The main difference in the architecture of our new sharing feature is the way we deal with the life cycle of a shared credential. The first sharing implementation used an “event-based architecture”. In other words, in order to know how many people have access to a shared credential, the Dashlane application would ask Dashlane servers for all the events that impacted this shared credential and would re-process those events to determine the current state of the shared credential.

Our new sharing feature is using a “snapshot architecture”. At any point in time, Dashlane servers are able to describe the current state of a sharing credential, drastically improving the scalability of the feature.

The other differences are less visible but very important. Using our 3 years of experience debugging the sharing feature, we were able to rewrite a code naturally more robust, better tested, well documented, and mastered by a majority of our developers.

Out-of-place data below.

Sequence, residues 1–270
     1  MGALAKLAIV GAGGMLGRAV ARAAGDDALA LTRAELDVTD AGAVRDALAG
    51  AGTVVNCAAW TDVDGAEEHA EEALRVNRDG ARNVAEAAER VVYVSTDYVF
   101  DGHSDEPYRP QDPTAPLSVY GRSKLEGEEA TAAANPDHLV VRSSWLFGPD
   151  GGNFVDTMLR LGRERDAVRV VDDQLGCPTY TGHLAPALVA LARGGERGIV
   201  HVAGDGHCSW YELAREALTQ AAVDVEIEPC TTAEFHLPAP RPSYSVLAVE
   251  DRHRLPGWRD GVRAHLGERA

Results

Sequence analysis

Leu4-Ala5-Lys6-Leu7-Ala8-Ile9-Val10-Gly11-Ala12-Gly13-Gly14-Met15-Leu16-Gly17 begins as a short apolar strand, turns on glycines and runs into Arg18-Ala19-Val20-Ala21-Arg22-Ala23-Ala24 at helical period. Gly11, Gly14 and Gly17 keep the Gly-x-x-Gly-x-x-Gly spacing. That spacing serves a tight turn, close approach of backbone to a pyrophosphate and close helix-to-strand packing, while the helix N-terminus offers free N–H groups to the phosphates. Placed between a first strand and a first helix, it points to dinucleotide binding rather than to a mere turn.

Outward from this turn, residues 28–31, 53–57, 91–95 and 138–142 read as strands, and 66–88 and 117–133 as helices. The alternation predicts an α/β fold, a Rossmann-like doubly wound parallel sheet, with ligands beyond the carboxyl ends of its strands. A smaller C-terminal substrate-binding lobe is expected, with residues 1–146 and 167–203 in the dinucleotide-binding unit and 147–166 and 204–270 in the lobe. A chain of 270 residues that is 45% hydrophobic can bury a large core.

What we didn’t change fundamentally is the security of the feature and how we allow users to share and sync credentials with other users without Dashlane accessing them.


How we keep your shared credentials safe

Sharing credentials with Dashlane is based upon asymmetric encryption. Asymmetric encryption has been a major breakthrough in modern cryptography, even though the idea is rather simple.

Think about a simple lock that can be opened with a key, the type of lock you are using to secure your suitcase or your sports locker. Now imagine that you have only one key (a private key) and an infinite number of locks, all identical (the locks here are the public key).

You can send opened locks to anyone, including your friends, family members, and coworkers.